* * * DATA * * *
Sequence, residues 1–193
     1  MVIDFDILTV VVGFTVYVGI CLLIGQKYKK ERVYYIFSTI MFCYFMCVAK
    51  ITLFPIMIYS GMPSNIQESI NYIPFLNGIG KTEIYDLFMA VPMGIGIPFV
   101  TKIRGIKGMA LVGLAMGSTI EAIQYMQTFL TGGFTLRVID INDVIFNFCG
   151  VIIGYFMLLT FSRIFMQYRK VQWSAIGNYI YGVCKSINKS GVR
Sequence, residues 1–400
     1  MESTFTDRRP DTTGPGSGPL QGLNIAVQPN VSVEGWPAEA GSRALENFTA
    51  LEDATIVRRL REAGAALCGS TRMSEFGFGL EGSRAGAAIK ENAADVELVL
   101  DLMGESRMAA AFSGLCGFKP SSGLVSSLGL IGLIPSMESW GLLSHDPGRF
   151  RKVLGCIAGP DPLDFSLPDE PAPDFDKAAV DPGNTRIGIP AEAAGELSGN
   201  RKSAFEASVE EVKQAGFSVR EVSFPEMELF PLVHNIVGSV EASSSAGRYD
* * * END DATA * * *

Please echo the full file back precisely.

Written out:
Sequence, residues 1–193
     1  MVIDFDILTV VVGFTVYVGI CLLIGQKYKK ERVYYIFSTI MFCYFMCVAK
    51  ITLFPIMIYS GMPSNIQESI NYIPFLNGIG KTEIYDLFMA VPMGIGIPFV
   101  TKIRGIKGMA LVGLAMGSTI EAIQYMQTFL TGGFTLRVID INDVIFNFCG
   151  VIIGYFMLLT FSRIFMQYRK VQWSAIGNYI YGVCKSINKS GVR
Sequence, residues 1–400
     1  MESTFTDRRP DTTGPGSGPL QGLNIAVQPN VSVEGWPAEA GSRALENFTA
    51  LEDATIVRRL REAGAALCGS TRMSEFGFGL EGSRAGAAIK ENAADVELVL
   101  DLMGESRMAA AFSGLCGFKP SSGLVSSLGL IGLIPSMESW GLLSHDPGRF
   151  RKVLGCIAGP DPLDFSLPDE PAPDFDKAAV DPGNTRIGIP AEAAGELSGN
   201  RKSAFEASVE EVKQAGFSVR EVSFPEMELF PLVHNIVGSV EASSSAGRYD